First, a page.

The remaining steps of manufacture for the two methods are the same as hereinbefore mentioned.
It is important that the bonding medium chosen to bond the porous material to the heating element and exposed surface of the perforate sheet will not flow into the pores of the porous material by capillary attraction, so that the full porosity of the porous sheet material is maintained.
Further combinations of different bonding mediums and insulation materials may be utilized, particularly where it is desirous to also reduce thermal transfer between the heating element and the perforated sheet.
Referring now to FIG. 6, a multi-layer or double degree acoustic element 43 with the heating element 20 of the present invention positioned between the outer most perforate sheet 32 and the porous material 38 is shown. This material is manufactured as set forth in U.S. Pat. No. 4,421,811, except for the insertion of the heating element between the outer most perforate sheet and porous layer. The heating element is inserted in the manner set forth above in the discussion for FIGS. 4, 5A and 5B.
While there has been shown and described the fundamental novel features of this invention as applied to the preferred embodiment, it will be understood that various omissions and substitutions and changes in the form and details of the device illustrated may be made by those skilled in the art without departing from the spirit of the invention. It is the intention therefore to be limited only by the scope of the following claims and reasonable equivalents thereof.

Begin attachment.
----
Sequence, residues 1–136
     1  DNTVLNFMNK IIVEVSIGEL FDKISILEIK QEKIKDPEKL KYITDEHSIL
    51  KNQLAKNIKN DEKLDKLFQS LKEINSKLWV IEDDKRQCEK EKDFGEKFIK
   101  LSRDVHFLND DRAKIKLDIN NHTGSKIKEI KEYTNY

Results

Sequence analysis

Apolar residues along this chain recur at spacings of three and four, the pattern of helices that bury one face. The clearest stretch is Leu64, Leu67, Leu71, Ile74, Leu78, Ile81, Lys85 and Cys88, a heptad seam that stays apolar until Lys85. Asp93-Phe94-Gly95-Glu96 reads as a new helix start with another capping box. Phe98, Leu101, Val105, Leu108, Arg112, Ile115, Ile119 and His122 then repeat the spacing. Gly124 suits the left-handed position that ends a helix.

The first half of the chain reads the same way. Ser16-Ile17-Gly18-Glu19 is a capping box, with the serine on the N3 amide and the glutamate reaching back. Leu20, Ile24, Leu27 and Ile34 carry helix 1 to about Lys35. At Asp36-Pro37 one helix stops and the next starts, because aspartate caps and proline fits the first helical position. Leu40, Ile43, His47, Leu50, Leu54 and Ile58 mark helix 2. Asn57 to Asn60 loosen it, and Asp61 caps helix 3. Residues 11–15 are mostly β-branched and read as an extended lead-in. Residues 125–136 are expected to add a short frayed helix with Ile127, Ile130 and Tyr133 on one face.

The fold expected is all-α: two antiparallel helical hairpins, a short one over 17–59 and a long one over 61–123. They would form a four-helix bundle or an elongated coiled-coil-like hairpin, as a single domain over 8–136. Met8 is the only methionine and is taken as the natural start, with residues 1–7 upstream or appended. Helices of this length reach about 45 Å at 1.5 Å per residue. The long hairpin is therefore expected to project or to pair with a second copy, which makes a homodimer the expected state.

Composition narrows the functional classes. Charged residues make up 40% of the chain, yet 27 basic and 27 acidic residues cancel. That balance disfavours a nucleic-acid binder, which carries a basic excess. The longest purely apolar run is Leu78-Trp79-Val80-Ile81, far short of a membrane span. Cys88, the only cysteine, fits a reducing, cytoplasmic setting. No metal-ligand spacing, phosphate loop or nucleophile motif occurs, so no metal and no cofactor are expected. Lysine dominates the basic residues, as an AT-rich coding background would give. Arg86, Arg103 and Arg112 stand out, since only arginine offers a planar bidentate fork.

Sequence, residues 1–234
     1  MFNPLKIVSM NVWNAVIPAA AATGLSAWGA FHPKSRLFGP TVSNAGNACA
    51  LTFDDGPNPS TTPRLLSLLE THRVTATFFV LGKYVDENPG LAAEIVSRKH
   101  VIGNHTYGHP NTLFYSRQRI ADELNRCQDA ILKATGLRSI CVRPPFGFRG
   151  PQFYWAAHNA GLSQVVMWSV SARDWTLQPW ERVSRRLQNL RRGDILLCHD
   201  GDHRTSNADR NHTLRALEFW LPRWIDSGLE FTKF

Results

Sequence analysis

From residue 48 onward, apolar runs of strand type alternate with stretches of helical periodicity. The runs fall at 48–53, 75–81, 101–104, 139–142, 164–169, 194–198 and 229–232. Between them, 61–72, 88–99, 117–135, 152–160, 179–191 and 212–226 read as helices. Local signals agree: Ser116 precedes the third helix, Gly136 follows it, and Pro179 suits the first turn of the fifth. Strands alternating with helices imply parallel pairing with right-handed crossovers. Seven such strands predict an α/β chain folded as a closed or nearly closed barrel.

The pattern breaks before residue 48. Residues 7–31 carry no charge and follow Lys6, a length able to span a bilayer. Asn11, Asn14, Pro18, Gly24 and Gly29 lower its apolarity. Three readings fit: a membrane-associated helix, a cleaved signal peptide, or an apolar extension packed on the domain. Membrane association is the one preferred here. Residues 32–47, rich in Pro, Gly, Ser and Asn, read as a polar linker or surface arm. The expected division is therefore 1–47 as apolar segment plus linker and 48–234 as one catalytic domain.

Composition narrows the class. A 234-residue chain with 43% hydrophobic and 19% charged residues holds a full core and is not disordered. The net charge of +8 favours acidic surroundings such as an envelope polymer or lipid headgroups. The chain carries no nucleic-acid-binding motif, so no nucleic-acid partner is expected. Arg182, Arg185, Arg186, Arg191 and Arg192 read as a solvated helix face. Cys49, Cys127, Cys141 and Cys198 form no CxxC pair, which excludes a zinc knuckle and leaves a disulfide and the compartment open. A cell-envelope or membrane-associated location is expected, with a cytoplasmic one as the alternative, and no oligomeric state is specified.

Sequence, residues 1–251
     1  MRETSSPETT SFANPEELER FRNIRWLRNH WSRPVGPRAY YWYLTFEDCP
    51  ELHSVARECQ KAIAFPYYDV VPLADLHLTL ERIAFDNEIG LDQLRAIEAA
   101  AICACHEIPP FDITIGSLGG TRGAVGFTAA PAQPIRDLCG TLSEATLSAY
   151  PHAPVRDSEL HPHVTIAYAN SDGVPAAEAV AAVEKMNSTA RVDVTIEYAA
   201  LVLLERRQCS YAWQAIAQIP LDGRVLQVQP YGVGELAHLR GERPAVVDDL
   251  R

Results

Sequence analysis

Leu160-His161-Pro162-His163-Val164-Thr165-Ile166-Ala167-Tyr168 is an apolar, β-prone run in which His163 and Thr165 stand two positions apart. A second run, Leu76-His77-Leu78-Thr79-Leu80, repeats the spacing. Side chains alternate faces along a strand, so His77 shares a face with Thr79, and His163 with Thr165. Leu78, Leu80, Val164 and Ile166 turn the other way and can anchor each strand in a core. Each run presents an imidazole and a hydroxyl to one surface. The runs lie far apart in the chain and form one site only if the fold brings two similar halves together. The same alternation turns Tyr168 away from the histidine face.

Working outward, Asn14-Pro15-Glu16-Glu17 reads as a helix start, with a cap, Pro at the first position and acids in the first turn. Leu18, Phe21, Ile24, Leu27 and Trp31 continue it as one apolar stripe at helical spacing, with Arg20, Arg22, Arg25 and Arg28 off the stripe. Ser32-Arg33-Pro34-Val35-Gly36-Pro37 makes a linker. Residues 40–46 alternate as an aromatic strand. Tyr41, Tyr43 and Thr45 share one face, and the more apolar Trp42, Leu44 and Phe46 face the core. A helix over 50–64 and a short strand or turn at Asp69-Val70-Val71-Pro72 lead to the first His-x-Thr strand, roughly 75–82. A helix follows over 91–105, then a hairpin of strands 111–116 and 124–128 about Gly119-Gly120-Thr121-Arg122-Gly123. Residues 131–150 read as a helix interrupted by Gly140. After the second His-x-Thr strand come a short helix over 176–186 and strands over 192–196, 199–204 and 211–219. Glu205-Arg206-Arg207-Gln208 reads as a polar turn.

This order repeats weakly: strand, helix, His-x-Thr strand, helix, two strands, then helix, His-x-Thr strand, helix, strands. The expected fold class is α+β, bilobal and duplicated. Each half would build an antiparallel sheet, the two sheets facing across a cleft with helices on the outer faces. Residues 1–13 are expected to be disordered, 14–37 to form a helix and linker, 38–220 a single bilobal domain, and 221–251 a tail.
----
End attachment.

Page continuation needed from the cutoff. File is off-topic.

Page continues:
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|U.S. Classification||219/548, 219/528, 156/293, 244/134.00R, 156/295, 338/292, 156/275.5, 428/116, 219/549, 219/535, 428/131, 219/547, 156/273.9, 338/293|
|International Classification||H05B3/84, B64D15/00|
|Cooperative Classification||Y10T428/24149, Y10T428/24273, B64D2033/0233, B64D33/06, B64D15/00, G10K11/172|
|European Classification||G10K11/172, B64D33/06, B64D15/00|
|Oct 7, 1985||AS||Assignment|
Owner name: ROHR INDUSTRIES, INC., CHULA VISTA, SAN DIEGO, CA.
Free format text: ASSIGNMENT OF ASSIGNORS INTEREST.;ASSIGNOR:ADEE, JAMES M.;REEL/FRAME:004468/0645
Effective date: 19851004
Owner name: ROHR INDUSTRIES, INC.,CALIFORNIA
Free format text: ASSIGNMENT OF ASSIGNORS INTEREST;ASSIGNOR:ADEE, JAMES M.;REEL/FRAME:004468/0645
Effective date: 19851004
|Jul 22, 1991||FPAY||Fee payment|
Year of fee payment: 4
|Oct 30, 1995||FPAY||Fee payment|
Year of fee payment: 8
|Nov 30, 1999||REMI||Maintenance fee reminder mailed|
|May 7, 2000||LAPS||Lapse for failure to pay maintenance fees|
|Jul 18, 2000||FP||Expired due to failure to pay maintenance fee|
Effective date: 20000510